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In October of 1931, a 21-year-old woman by the name of Elena Milagro de Hoyos lost her battle with tuberculosis, but that didn’t stop her doctor, Carl Tanzler, with his dreams of being together with her. In the process of trying to save Elena he had fallen deeply, and disturbingly in love with her.
For a whole 2 years the doctor would visit her tomb, which he paid for, at the mausoleum at the Key West cemetery in Florida. Elena’s family thought it was nothing more than a doctor who was overcome with grief in not being able to save a young patient. They had no idea.
In 1933, 2 years after Elena’s death, the doctor had removed Elena’s corpse from the mausoleum and transported it via a toy wagon to a makeshift laboratory he had built inside of an old airplane. There, he “resurrected” his lost love with the help of paper-mache, mortician’s wax and rags. He placed glass eyes in her empty sockets and inserted wires into her limbs so that he could easily manipulate her posture. He masked her stench with perfumes and clothing he would buy for her. Upon closer inspection, investigators found a carefully placed cardboard tube in Elena’s genital region, the use of which is best left to the imagination.
He kept her decaying corpse for 7 years at his home- dancing with her by the fire, saving her a seat at the dinner table even sleeping next to her.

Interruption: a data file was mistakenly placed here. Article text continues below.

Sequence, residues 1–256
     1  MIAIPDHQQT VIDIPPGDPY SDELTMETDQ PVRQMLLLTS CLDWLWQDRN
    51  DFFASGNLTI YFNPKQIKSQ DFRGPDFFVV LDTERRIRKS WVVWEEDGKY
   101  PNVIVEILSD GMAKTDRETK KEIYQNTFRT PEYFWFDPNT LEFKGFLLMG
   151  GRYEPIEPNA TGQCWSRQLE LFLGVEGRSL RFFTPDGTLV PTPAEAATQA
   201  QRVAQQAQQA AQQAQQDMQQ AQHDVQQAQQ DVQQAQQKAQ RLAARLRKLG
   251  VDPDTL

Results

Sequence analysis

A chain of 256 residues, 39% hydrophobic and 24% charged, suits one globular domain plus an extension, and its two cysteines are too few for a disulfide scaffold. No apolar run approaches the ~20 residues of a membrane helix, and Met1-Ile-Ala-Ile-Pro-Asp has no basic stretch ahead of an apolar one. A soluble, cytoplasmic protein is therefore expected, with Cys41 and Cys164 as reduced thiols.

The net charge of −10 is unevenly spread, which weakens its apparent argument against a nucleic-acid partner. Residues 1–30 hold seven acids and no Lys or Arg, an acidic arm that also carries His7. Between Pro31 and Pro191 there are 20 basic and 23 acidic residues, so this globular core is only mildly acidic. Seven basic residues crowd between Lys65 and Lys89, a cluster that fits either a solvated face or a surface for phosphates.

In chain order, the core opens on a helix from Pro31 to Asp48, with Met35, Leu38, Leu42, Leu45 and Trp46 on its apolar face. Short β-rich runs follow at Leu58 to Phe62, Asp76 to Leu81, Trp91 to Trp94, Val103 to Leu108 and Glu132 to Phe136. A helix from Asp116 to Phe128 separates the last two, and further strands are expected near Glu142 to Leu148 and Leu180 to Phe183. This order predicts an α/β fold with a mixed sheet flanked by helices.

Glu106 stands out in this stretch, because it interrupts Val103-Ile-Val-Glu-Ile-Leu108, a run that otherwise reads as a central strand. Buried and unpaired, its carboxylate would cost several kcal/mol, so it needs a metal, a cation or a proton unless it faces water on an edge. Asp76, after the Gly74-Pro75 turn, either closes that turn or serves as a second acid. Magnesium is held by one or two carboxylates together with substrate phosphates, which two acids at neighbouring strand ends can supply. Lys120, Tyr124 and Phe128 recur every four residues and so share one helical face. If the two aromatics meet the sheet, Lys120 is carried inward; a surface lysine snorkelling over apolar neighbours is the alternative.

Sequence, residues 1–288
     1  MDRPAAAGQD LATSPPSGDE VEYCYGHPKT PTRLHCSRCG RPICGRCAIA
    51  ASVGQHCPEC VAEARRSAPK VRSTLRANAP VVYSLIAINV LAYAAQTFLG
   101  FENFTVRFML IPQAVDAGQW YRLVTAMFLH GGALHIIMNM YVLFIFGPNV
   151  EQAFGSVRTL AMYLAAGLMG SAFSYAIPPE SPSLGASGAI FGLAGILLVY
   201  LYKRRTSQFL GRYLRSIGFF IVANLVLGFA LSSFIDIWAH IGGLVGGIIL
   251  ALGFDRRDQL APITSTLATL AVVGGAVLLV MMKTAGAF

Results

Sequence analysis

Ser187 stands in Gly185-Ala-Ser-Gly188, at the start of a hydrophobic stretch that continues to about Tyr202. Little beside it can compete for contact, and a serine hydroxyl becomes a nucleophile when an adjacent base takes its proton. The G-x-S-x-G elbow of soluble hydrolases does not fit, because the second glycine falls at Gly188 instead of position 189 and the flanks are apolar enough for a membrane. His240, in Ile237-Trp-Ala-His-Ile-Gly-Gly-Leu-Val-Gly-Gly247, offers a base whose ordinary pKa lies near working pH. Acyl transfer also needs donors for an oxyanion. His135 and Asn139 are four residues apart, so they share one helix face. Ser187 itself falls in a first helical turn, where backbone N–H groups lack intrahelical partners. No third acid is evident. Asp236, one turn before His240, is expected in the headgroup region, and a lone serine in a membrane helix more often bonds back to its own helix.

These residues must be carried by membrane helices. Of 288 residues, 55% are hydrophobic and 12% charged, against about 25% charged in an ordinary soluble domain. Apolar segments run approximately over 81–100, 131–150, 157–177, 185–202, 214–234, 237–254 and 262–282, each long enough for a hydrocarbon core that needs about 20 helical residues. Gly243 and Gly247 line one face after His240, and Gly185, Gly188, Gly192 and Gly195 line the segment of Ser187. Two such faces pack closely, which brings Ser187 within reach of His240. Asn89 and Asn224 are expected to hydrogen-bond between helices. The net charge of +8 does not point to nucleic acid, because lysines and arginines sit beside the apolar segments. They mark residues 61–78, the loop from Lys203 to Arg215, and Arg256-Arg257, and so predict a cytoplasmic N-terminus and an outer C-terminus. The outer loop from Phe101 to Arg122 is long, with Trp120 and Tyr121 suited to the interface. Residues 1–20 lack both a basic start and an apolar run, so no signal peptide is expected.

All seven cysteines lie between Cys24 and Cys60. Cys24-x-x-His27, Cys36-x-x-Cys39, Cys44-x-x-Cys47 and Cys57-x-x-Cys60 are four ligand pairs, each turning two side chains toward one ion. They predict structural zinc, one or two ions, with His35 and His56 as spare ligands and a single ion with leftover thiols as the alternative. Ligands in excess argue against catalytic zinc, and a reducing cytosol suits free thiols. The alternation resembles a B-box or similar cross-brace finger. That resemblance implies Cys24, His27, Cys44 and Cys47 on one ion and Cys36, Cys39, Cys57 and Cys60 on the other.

He would be discovered when Elena’s sister came over to check on him and make sure he was alright, as he had stopped coming to visit her tomb. Instead, to her horror and shock, she found her sisters corpse, virtually a wax mannequin by this point, laying in Tanzler’s bed. She immediately notified authorities.
He would see the courtroom in 1940, for “wantonly and maliciously destroying a grave and removing a body without authorization,” but the charges were eventually dismissed because the statute of limitations had expired. When questioned during the hearing, Tanzler revealed plans to finish the airship that would transport Elena’s body “high into the stratosphere, so that radiation from outer space could penetrate Elena’s tissues and restore life to her somnolent form.”
Though the case turned into a media circus, the general public was surprisingly sympathetic toward the demented doctor. Instead of a depraved necrophiliac, they saw him as a lonely and sad romantic.